MD5 Breach of Security; SSL certificates compromised

December 30, 2008 by heri in: Web Development Articles

A team of “security researchers” has announced they managed to issue false SSL certificates by using a md5 vulnerability. This was announced publicly at a hackers’ conference today in Berlin, with full details disclosed here

They were able to do so with a known vulnerability for md5 hash functions, and used an array of 200 PS3s to create a false SSL certificate. The PlayStation 3 was used because of its Cell micro-processor and vector calculations abilities, making it ideal for brute force attacks like this.

This means the SSL protection advertised by banks or ecommerce websites are now rendered compromised.

If you purchased an SSL certificate from RapidSSL or FreeSSL (one of the “cracked” SSL providers), you must take steps to verify the integrity of your servers, even if it’s highly unlikely that a hacker will find the resources to gather 200 PS3s overnight to get advantage of this vulnerability. Look for instance for a provider which uses SHA-1 message authentication, instead of md5

Comments

  1. Actually, there is no possible compromise for individual site owners. It doesn’t matter where you purchased a certificate from.

    What they did was create a “rogue” root certificate authority (CA). There are a handful of CAs that are trusted by all the main browsers, and any certificates that those CAs sign are also trusted (this is what you pay RapidSSL, Verisign etc for). Normally anyone can create their own CA, but because it is not trusted by any browsers, the certificates it signs are also not trusted, and you get warnings.

    The researchers created their own CA, and their own normal website certificate. They then paid to get the website certificate signed (just like you would normally when you get a certificate for your website). The difference here is that they found a way to exploit a vulnerability in md5, allowing them to effectively take the signature the CA created for their website certificate, and use it for their CA. Now they have a CA certificate that looks like it was signed by the trusted RapidSSL CA, which means that their CA is also trusted – and any certificates their CA signs are ALSO trusted.

    They can effectively issue a certificate for any website they please, and an end-user would not be able to tell that anything is wrong unless they were REALLY savvy and inspected the certificate chain, and noticed it was not signed by the normal CA. Most people, even the most hardcore network techs, would not recognize this.

    The only thing you can do as a site owner is to pressure your CA to stop using md5 as their certificate algorithm. As an end user, you can pressure your browser vendor to remove any trusted root CAs that use md5.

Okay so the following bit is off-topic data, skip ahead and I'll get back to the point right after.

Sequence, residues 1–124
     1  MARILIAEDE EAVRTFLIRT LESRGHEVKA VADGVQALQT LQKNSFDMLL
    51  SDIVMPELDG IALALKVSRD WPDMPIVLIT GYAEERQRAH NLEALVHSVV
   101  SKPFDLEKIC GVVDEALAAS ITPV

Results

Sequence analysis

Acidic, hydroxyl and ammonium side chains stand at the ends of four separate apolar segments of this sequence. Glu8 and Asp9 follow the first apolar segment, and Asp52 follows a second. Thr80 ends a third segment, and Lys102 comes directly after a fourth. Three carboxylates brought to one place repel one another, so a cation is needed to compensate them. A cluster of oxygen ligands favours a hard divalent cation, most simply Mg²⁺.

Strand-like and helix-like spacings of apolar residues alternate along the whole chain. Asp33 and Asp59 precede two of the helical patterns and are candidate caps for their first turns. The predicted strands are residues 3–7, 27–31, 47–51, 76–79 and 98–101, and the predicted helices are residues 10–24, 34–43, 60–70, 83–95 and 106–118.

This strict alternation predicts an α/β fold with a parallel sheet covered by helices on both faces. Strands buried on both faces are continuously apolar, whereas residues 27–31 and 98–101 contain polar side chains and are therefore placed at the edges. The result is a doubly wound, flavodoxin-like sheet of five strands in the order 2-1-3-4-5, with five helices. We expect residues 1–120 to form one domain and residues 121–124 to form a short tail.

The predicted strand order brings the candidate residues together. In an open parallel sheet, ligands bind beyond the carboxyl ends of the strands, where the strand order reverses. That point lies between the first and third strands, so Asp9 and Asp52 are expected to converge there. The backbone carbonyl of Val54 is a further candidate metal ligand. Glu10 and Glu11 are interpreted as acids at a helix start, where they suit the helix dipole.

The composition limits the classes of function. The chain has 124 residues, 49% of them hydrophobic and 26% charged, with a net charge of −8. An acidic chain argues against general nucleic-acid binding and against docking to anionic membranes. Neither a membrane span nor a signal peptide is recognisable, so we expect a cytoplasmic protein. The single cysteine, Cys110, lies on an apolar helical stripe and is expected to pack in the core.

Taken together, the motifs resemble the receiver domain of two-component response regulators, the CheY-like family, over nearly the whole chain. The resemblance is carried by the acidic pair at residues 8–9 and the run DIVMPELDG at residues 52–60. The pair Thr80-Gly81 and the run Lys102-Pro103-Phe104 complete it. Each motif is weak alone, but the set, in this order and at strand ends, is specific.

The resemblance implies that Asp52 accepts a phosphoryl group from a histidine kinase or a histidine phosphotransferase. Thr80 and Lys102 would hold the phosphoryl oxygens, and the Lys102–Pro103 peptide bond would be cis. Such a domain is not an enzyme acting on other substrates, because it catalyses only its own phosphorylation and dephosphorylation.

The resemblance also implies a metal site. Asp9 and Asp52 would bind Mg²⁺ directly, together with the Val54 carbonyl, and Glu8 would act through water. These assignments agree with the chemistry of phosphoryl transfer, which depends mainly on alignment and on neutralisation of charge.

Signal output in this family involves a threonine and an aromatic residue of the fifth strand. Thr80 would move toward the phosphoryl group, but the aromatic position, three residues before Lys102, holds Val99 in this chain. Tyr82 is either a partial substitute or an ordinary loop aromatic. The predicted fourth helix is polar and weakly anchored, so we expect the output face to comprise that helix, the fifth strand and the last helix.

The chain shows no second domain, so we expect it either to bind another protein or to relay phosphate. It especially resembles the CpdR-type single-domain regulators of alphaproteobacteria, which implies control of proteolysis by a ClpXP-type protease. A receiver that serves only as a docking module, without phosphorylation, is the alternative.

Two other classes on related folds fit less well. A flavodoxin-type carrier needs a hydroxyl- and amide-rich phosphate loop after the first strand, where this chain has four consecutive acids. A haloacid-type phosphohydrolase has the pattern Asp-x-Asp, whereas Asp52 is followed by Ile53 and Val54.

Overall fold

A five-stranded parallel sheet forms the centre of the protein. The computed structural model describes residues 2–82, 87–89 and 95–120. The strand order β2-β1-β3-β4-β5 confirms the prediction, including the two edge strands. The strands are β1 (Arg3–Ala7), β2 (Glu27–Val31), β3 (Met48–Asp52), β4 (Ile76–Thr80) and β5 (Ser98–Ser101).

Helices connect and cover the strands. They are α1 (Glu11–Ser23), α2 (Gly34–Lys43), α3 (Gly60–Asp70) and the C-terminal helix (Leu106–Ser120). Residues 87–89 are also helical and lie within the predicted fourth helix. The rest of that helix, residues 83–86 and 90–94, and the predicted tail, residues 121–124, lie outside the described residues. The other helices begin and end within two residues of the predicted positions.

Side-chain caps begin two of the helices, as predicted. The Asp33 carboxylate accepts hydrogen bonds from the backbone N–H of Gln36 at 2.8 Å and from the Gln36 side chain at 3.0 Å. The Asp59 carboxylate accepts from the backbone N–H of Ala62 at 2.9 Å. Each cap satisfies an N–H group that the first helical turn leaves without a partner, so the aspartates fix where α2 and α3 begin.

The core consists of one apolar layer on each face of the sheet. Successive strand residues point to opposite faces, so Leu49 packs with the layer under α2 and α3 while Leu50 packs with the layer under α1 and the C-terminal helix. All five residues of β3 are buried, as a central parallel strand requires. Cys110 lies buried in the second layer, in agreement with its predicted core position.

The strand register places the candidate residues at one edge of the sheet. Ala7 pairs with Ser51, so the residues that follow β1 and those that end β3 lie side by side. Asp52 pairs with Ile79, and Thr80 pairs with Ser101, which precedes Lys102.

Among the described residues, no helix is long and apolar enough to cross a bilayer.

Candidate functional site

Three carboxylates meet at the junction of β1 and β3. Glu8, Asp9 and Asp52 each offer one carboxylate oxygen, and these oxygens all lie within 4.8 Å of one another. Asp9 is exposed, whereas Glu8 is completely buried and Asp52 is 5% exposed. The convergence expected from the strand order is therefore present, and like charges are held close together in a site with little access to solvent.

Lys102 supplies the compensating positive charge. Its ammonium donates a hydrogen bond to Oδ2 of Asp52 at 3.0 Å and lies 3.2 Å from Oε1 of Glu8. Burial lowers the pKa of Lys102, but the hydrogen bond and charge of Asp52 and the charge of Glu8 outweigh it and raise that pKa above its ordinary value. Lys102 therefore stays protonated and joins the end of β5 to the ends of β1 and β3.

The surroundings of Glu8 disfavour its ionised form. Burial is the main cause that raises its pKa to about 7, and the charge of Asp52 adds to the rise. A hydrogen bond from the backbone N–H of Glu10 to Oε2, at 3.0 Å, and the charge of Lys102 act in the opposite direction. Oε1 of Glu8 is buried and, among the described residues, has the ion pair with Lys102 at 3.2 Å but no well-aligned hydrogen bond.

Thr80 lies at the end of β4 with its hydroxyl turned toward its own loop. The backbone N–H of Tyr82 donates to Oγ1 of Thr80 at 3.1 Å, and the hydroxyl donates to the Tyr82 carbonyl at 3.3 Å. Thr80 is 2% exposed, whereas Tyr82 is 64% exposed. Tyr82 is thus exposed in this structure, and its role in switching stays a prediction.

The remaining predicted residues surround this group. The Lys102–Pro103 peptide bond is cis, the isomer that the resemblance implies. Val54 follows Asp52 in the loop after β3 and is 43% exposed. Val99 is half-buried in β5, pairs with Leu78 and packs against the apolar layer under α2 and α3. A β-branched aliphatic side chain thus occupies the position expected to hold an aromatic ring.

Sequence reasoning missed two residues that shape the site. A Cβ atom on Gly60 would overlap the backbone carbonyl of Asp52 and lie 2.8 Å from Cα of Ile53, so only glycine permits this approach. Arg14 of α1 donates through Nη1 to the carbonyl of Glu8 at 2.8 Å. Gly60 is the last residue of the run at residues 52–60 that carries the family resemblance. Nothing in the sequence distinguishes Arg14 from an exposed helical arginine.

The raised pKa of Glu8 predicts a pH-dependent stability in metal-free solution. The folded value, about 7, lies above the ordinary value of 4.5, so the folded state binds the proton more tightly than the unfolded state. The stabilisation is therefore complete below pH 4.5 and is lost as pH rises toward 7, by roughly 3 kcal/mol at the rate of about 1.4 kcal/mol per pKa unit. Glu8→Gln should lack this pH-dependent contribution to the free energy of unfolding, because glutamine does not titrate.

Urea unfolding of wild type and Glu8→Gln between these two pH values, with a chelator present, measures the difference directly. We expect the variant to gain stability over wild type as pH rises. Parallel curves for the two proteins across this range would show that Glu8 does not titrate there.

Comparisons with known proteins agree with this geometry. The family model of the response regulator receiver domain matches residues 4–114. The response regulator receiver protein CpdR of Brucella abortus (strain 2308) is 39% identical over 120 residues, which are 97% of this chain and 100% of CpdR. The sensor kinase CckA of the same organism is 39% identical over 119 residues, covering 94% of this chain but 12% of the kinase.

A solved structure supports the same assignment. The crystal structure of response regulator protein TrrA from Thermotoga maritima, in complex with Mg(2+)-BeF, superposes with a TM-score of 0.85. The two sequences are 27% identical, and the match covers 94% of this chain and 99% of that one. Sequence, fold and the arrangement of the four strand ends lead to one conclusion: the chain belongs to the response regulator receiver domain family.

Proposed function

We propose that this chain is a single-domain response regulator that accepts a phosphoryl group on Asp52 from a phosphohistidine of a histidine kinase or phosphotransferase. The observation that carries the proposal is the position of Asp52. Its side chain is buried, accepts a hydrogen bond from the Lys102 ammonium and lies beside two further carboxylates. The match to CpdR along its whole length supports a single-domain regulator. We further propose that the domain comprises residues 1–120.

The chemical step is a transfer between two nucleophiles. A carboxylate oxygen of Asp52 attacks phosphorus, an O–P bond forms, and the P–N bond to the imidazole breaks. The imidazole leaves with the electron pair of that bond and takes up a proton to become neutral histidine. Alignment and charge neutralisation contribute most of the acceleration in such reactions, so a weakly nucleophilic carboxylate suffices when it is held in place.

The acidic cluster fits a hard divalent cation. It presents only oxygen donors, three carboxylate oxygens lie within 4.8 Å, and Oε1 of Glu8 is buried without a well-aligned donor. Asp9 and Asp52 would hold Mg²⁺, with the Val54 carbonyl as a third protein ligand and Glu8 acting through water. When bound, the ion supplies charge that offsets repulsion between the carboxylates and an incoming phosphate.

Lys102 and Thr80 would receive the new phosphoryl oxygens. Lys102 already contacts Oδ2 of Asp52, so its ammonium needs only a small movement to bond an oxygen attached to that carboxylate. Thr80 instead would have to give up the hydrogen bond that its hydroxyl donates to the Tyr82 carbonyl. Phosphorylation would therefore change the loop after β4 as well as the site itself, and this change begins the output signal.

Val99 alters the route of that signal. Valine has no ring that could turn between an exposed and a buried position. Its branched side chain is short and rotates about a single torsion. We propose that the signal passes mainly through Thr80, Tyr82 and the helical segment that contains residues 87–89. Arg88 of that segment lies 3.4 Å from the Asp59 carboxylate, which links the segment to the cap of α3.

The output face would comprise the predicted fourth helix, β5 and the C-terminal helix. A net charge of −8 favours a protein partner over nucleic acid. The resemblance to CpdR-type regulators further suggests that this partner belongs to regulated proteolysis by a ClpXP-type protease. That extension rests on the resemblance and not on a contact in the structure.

Other than that, so long as there are trusted root CAs using md5, *EVERY* site (no matter what CA vendor you use) is vulnerable to someone creating their own valid certificate for your website. If they can also redirect traffic to their server, they can then do very effective and almost undetectable phishing attacks on your users.

  2. greg, thanks for the details, and yes, it’s much more complex than the quick post I wrote.

    concerning individual site owners, phishing attacks are quite possible on end-users, by taking advantage of this vulnerability. As you wrote, it’s very hard for end-users to verify the integrity of the certificate, and so they can be tricked into believing that they are served the correct content.

    individual site owners should indeed put pressure on the certificate provider that they stop using md5. If the provider can’t guarantee the integrity of the certificate, they should then consider switch providers (switch away from rapidssl especially)

    I also think browser vendors (Mozilla, Apple, Microsoft, Opera) and ecommerce/banking websites should overhaul the security scheme used for their systems. There’s a weak link with certificate providers (the CAs you mention), and just the thought of doing online banking or purchases uneases me.

  3. Good post and comments. Thanks! I switched from rapidssl to trustwave a year or so ago, mostly ’cause rapidssl was such a pain in the @ss. I’ll have to do a little more research on trustwave now to be sure. Thanks again for the heads up :)

  4. verdon, glad that the post was helpful. You made the right move one year ago; this story finally reveals how sloppy rapidssl is.

  5. All I wanted to point out was that switching from RapidSSL does not ensure your site will not be attacked in this way – it is just a way of telling RapidSSL that they need to stop using md5 (voting with your wallet, so to speak). So long as RapidSSL or ANY other CA using md5 is trusted, it doesn’t matter if you have a $500 or a $15 SSL certificate – someone would be able to use this attack to spoof your site.

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